In August 2018, two months after the second Mack fire, I wrote in the Sunday Herald that flammable insulation, of a similar type so fatally fixed to the outside of Grenfell, was used in the Mack. It included 100mm polyisocyanurate, or PIR, a rigid plastic foam between two sheets of aluminium foil. “The PIR is flammable with the foil designed to stop it catching fire. The underlay on the roof was an air and vapour permeable product called Roofshield which is also flammable.”

PIR was then half the price of non-flammable and mineral products like glass wool or rock wool, made from recycled glass and strands of rock.

HeraldScotland: Edward Rayner, an archaeologist with Kirkdale Archaeology pictured in the Mackintosh Library at the Glasgow School of Art. Forensic archaeologists have started to sift through the remains of the Mack library after a fire devastated the building in May 201

Toxic fumes

THIS type of cheaper insulation also gives off toxic gases, including hydrogen cyanide and carbon monoxide, when set alight. Some of the Grenfell fire victims were treated with antidotes to the toxic fumes, while others who died might have been incapacitated by them.

Five months after the second Mack fire, Dr Jim Glockling, technical director of the Fire Protection Association, pointed out: “Measuring smoke toxicity in building products is currently not a legal requirement. The dangers of cladding fires using flammable synthetic composites are long established. In 1991, it was a key factor in the fire that destroyed an apartment block in Knowsley Heights, Liverpool.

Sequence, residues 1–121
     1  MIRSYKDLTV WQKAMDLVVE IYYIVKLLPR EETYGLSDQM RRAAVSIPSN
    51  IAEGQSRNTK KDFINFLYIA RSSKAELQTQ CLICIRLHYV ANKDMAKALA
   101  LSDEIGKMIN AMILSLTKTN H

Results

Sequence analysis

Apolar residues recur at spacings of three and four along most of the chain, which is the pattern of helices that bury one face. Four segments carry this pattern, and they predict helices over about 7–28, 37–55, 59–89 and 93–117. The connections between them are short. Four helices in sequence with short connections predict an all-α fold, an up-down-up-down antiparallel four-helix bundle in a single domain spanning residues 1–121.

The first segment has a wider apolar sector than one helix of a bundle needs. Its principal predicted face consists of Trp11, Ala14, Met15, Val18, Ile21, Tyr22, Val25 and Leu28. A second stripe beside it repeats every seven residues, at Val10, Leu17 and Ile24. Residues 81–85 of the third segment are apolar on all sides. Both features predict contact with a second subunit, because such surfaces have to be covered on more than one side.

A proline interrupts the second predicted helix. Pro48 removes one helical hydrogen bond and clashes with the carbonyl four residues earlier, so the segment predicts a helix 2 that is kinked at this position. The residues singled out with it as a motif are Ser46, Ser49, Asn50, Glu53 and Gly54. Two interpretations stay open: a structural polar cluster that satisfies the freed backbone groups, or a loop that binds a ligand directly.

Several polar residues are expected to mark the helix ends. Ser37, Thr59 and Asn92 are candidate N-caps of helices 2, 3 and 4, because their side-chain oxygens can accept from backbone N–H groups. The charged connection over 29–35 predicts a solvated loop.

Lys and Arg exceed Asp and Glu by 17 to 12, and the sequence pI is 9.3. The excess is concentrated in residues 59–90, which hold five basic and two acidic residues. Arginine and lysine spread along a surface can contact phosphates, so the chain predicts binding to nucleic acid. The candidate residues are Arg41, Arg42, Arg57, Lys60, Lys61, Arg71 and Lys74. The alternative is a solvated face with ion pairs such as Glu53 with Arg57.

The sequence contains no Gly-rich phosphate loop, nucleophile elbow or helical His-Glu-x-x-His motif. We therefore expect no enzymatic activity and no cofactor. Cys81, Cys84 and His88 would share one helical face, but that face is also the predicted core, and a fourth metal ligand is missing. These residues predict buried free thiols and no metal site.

On New Year’s Eve 2016, a huge fire ripped through Dubai’s luxury Address Downtown Hotel, a 72-storey tower that stands opposite the Burj Khalifa, the world’s tallest building. The Downtown blaze followed fires at two other landmark Dubai buildings, the Marina Torch and Tamweel Tower. The 86-storey Torch Tower also went up.

Failed fire tests

LEAKED test results emerged last month which suggest the Government and construction industry had early evidence of the dangers posed by these kind of panels. In 2004, 14 years before the second Mack fire, 10 unnamed systems failed a fire resistance test.

One was carried out on a material described as “aluminium-based cladding panels”, similar to that used at Grenfell and the Mack, which was terminated after 12 minutes, with temperatures exceeding 900°C. It was the most catastrophic failure of the 10 tested. The second Mack fire burned with unprecedented ferocity. Once again there was no sprinkler system in the £35 million renovation, although it is claimed that one was days away from being fitted. Fire alarms also failed to function. It was neighbours and passers-by who noticed the smoke and flames and alerted the fire brigades.

There is no suggestion that any of the material used in the renovation of the Mack breached any building regulations or British Standards. The question is whether the regulations are fit for purpose.

Neither it is suggested that Muriel Gray had any expert knowledge of building methods. The criticism is that she and the GSA management were both inept and deficient, as several former senior members of staff have claimed, including Gordon Gibb, director of professional studies at the Mackintosh School of Architecture. He was sacked on the spot last year for breach of contract in making those criticisms and calling for an inquiry.

Gray has now stepped down, claiming she wanted “to take the machine gun fire, so they stop aiming at the GSA”. The long-awaited fire service report on the second Mack fire is likely to be published later this year. Whether she is again back in the firing line remains to be seen.